Classic Croissants

As you grow up, it’s interesting to discover where your characteristics come from. There are some parts of my personality that I can pinpoint to either my mom or dad, and some that are solely mine, but a large amount of my personality traits run to my Aunt Karen. (Fun fact: both my mom and dad have sisters named Karen, so we’ve always just used the terms “mommy’s aunt Karen” or “daddy’s aunt Karen” to distinguish between the two.) Daddy’s Aunt Karen and I not only share a birthday, but we also share a passion for serving for populations on the outskirts of society, a love for really good food, and a knack for great wine. Two years ago, for our joint birthday celebration, my aunt and I spent 10 days in Aix-en-Provence, a small city in Southern France, where I continued to fall more deeply in love with laminated doughs.

I could spend hours and hours reminiscing about the cobblestone streets and remembering the smells and sounds of the daily market, but today I am trying to stay focused on pastries. Croissants specifically. Croissants have always been my favorite pastry, partly because of their flavor, but mostly because of their craftsmanship. Layers and layers of butter are expertly folded into the dough, creating thousands of sheets, swirling through the inside and giving way to a flaky exterior, that shatters under the weight of any pressure. They are a beautiful work of art. Each morning during our time in Aix, someone in our group would rise earlier than the rest of the house, head down to a boulangerie just as the sun was coming up and bring back assorted breads and pastries for breakfast. (And is this not the perfect morning??) Every morning, no matter who went on the breakfast bread run, there was a pain-au-chocolat tucked in amongst the buns, specifically for me.

For me, as a someone who really loves to be successful at everything the very first time I do it, croissants are a reminder to slow down. Like any good artist, practice and repetition are key to creating a masterpiece and croissant making is no exception. As I continue to practice, my hands will learn the motions and the feel of the dough, my layers will get flakier and my crumb more even. Until then, making croissants at home brings me back to a little town in the South of France and reminds to slow down and enjoy each and every part of the journey.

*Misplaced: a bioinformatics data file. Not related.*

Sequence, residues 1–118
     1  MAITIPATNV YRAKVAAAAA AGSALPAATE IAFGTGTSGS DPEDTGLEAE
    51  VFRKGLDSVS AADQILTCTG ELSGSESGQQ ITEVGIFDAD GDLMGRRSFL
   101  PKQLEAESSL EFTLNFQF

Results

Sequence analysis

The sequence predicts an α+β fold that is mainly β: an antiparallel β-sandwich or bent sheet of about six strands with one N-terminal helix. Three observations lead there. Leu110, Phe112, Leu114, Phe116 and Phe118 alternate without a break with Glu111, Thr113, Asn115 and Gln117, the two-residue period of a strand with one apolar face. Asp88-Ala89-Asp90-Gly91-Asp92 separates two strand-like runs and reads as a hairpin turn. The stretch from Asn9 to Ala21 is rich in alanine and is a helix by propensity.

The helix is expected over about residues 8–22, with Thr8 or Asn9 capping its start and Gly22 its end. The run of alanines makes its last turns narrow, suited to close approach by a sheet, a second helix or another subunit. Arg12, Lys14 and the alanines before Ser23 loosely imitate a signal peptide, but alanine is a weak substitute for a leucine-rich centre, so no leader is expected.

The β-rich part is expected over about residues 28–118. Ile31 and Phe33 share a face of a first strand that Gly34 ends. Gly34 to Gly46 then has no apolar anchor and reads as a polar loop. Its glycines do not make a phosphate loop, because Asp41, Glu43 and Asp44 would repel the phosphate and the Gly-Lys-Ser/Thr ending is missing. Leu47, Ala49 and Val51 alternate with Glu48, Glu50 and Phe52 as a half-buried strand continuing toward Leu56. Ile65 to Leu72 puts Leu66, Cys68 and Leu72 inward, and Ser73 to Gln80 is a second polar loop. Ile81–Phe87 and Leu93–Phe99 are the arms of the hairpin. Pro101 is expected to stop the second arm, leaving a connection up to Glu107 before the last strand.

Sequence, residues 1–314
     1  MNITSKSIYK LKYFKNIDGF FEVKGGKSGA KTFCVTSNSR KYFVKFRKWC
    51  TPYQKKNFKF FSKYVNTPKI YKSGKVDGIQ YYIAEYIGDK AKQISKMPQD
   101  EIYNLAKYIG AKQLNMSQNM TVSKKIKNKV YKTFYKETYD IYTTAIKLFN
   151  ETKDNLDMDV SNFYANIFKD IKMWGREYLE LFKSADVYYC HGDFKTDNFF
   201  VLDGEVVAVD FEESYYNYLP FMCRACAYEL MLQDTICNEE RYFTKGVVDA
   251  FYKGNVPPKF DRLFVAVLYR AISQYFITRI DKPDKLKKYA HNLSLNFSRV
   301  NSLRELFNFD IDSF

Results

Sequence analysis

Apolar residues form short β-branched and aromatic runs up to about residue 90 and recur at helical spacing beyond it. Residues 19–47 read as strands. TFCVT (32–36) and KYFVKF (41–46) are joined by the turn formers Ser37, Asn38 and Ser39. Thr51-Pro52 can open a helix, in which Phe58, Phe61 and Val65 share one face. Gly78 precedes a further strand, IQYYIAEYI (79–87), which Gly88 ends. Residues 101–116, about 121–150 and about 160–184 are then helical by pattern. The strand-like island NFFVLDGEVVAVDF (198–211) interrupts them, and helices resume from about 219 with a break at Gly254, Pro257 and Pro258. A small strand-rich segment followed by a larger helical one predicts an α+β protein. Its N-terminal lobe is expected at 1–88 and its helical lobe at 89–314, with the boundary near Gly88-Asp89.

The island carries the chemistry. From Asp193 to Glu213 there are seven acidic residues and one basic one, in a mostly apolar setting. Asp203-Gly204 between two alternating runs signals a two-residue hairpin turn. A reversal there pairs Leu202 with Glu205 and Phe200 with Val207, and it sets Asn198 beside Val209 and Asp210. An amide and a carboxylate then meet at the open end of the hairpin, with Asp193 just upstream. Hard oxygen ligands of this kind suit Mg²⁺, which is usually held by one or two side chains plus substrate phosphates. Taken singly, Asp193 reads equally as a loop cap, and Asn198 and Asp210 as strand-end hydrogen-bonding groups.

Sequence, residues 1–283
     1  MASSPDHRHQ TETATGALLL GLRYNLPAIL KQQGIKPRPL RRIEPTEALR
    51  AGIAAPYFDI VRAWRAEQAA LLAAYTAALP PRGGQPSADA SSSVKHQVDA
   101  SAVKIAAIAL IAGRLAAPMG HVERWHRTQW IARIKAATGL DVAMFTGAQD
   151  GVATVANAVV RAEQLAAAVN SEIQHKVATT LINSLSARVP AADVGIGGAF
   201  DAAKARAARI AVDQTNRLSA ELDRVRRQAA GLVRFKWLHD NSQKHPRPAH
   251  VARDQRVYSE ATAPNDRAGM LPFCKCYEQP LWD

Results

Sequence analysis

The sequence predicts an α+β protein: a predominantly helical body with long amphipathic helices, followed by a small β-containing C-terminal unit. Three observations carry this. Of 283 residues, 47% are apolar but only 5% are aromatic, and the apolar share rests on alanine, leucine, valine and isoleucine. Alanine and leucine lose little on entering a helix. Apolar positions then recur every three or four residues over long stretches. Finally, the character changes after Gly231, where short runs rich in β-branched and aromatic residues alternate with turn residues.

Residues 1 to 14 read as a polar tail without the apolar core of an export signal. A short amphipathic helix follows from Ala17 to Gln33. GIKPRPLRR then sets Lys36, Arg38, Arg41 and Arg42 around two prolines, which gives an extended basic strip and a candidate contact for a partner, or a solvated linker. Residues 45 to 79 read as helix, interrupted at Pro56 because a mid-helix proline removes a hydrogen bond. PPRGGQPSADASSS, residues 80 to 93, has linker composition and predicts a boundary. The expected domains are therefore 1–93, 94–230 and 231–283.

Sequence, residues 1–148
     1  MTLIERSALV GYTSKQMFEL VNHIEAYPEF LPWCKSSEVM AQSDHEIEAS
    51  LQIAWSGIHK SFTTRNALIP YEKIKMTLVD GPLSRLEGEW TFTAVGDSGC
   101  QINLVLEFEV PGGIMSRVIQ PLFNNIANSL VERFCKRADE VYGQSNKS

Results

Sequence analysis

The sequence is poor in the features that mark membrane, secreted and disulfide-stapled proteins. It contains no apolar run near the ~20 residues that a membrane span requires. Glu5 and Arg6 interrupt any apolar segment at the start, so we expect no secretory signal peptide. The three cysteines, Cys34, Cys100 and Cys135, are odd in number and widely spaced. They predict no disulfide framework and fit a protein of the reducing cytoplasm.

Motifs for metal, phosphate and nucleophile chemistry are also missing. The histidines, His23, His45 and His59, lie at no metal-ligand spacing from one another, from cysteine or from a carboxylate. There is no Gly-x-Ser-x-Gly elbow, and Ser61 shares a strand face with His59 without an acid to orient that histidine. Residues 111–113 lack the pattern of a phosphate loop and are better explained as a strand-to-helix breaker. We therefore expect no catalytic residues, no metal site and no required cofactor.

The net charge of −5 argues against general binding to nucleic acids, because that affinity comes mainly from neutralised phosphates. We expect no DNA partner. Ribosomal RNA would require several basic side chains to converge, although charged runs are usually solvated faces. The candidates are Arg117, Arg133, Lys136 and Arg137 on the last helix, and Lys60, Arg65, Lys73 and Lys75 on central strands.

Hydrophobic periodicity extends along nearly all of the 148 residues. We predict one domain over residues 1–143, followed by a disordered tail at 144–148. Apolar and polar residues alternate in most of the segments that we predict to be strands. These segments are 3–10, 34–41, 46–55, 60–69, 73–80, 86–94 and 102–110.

*Some Notes: 1) Because they use bread flour, which has a higher protein level, these croissants are a little more bread-like than others. They are still light and flaky, but they are also able to hold up if you want to split them open and use them to make breakfast sandwiches throughout the week. 2) I put the measurements are in both grams/ounces and cups for ease of use, but I highly recommend you use grams/ounces when making any sort of bread. You can get a cheap-o kitchen scale on amazon and it will quickly become your best friend.

Classic Croissants

Yield: 12 large croissants 


for the dough (detrempe): 

5 1/4 cups (690g) bread flour

1 1/4 cup (310g) whole milk

2 eggs

1/3 cup (81g) sugar

2 tsp (13g) salt

2 1/2 tsp (9g) instant yeast

1 tbsp (19g) unsalted butter 

for the butter block: 

3 sticks (330g) unsalted butter, room temp

1 tbsp (9g) flour 


To make the butter block:

  1. In a stand mixer fitted with the paddle attachment, beat butter for 30 seconds. Add flour and mix until butter and flour are completely incorporated.